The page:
Above: The guesthouse Zur Krone where Golo worked on his German History of the 19th and 20th Centuries, Altnau, Switzerland

 

In this day and age where many of us forget what we ate for supper without a photo on Instagram, many people (predominantly German speakers) still recall the name of Thomas Mann, but, as is common with the passage of time, we rarely recall the obscure names of the children of the more-famous parents.

 

Pop Quiz:

What were the names of the children of world famous William Shakespeare (1584 – 1616) or Albert Einstein (1879 – 1955)?

Give up?

So did I.

I had to search on Wikipedia.

 

William’s:

Shakespeare.jpg

Above: William Shakespeare

Susanna (1583 – 1649), Hamnet (1585 – 1596) and Judith (1585-1662)

 

Albert’s:

Einstein 1921 by F Schmutzer - restoration.jpg

Above: Albert Einstein

Lieserl (1902 – 1903), Hans (1904 – 1973) and Eduard (1910 – 1965)

 

This is not to suggest that these six individuals are not worth remembering but rather that their memory is overshadowed by the fame of their fathers and the passage of time.

 

(To be fair, famous children have also been known to overshadow their progenitors.

Who knows the names of Sammy Davis Sr., Martin Luther King Sr., or Robert Downey Sr. without the fame of their sons?)

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Above: Robert Downey Jr. (Chaplin, Air America, Iron Man)

 

So, I confess, my repeated encounters with the name of Golo Mann made me curious about him and his famous father.

 

Paul Thomas Mann (full name) was born in Lübeck, Germany, the second son of Lutheran Thomas Mann (grain merchant/senator) and Brazilian-born Roman Catholic Julia da Silva Bruhns.

Mann’s father died in 1891 and his trading firm liquidated.

Julia moved the family to Munich, where Thomas studied at the University of Munich to become a journalist.

Thomas lived in Munich until 1933, with the exception of a year spent in Palestrina, Italy, with his elder brother Heinrich.

Above: Heinrich Mann (1871 – 1950)

 

Thomas’s career as a writer began when he wrote for the magazine Simplicissimus, publishing his first short story “Little Mr. Freidemann” in 1898.

In 1901, Mann’s first novel Buddenbrooks was published.

Based on Mann’s own family, Buddenbrooks relates the decline of a merchant family in Lübeck over the course of three generations.

 

That same year, Mann met Englishwoman Mary Smith, but Mann was a friend of the violinist/painter Paul Ehrenberg, for whom he had feelings which caused Mann difficulty and discomfort and were an obstacle to marrying Smith.

By 1903, Mann’s feelings for Ehrenberg had cooled.

 

In 1905, Mann married Katia Pringsheim (1883 – 1980), daughter of a wealthy, secular Jewish industrial family.

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Above: Thomas Mann and Katia Pringsheim-Mann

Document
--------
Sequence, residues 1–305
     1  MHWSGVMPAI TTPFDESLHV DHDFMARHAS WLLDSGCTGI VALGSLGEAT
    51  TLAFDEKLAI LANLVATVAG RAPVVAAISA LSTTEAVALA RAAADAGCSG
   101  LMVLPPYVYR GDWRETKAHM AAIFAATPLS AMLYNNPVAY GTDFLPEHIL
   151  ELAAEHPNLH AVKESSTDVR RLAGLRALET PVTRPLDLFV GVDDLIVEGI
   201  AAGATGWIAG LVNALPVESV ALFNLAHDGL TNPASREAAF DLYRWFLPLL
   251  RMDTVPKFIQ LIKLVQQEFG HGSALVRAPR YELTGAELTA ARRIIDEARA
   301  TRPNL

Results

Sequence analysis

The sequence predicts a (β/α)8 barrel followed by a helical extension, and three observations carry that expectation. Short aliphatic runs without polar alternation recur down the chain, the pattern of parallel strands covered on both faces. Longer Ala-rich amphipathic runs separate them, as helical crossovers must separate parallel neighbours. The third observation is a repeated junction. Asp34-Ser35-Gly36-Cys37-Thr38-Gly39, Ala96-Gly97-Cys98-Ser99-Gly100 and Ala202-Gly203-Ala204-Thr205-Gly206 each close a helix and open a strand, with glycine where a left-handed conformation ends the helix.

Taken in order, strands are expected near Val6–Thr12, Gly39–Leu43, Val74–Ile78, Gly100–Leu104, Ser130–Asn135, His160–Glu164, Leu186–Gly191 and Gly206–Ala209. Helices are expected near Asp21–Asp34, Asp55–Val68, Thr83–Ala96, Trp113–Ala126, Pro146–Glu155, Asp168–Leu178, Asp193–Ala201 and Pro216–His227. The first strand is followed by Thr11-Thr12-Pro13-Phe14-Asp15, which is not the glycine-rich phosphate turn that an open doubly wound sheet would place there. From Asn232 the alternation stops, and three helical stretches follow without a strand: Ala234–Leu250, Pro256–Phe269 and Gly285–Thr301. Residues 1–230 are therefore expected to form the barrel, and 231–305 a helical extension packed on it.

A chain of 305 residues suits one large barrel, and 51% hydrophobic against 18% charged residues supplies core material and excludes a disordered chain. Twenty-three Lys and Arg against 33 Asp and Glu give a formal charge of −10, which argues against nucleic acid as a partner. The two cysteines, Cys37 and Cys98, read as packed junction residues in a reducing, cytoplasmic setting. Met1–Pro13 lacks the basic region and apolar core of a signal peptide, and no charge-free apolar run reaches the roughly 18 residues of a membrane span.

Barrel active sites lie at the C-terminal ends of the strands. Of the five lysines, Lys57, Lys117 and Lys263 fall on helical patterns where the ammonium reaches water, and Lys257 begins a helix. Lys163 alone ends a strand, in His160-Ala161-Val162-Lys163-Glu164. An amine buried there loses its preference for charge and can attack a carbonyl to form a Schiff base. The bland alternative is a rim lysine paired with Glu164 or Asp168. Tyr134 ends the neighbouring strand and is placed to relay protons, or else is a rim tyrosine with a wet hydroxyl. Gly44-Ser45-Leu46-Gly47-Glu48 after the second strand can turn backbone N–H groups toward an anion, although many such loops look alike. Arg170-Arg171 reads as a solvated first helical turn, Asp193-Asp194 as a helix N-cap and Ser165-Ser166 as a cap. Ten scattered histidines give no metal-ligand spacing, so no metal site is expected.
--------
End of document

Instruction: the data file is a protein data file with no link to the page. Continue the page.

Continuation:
Erika was born that same year.

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Above: Erika Mann-Auden (1905 – 1969)

Mann expressed in a letter to Heinrich his disappointment about the birth of his first child:

It is a girl.

A disappointment for me, as I want to admit between us, because I had greatly desired a son and will not stop to hold such a desire.

I feel a son is much more full of poetry, more than a sequel and restart for myself under new circumstances.

 

Klaus was born the following year, with whom Erika was personally close her entire life.

Klaus Mann.jpg

Above: Klaus Mann (1906 – 1949)

They went about “like twins” and Klaus would describe their closeness as:

Our solidarity was absolute and without reservation.”

 

Golo (remember him?) was born in 1909.

Above: Golo Mann (1909 – 1994)

 

In her diary his mother Katia described him in his early years as sensitive, nervous and frightened.

His father hardly concealed his disappointment and rarely mentioned Golo in his diary.

Golo in turn described Mann:

Indeed he was able to radiate some kindness, but mostly it was silence, strictness, nervousness or rage.

Golo was closest with Klaus and disliked the dogmatism and radical views of Erika.

 

Monika, the 4th child of Mann and Katia, was born in 1910.

Above:(from left to right) Monika, Golo, Michael, Katia, Klaus, Elisabeth and Erika Mann, 1919

 

Mann’s diaries reveal his struggles with his homosexuality and longing for pederasty (sex between men and boys).

His diaries reveal how consumed his life had been with unrequited and subliminated passion.

In the summer of 1911, Mann stayed at the Grand Hotel des Bains on the Lido of Venice with Katia and his brother Heinrich, when Mann became enraptured by Wladyslaw Moes, a 10-year-old Polish boy.

Above: Grand Hotel des Bains, Venezia

This attraction found reflection in Mann’s Death in Venice (1912), most prominently through the obsession of the elderly Aschenbach for the 14-year-old Polish boy Tadzio.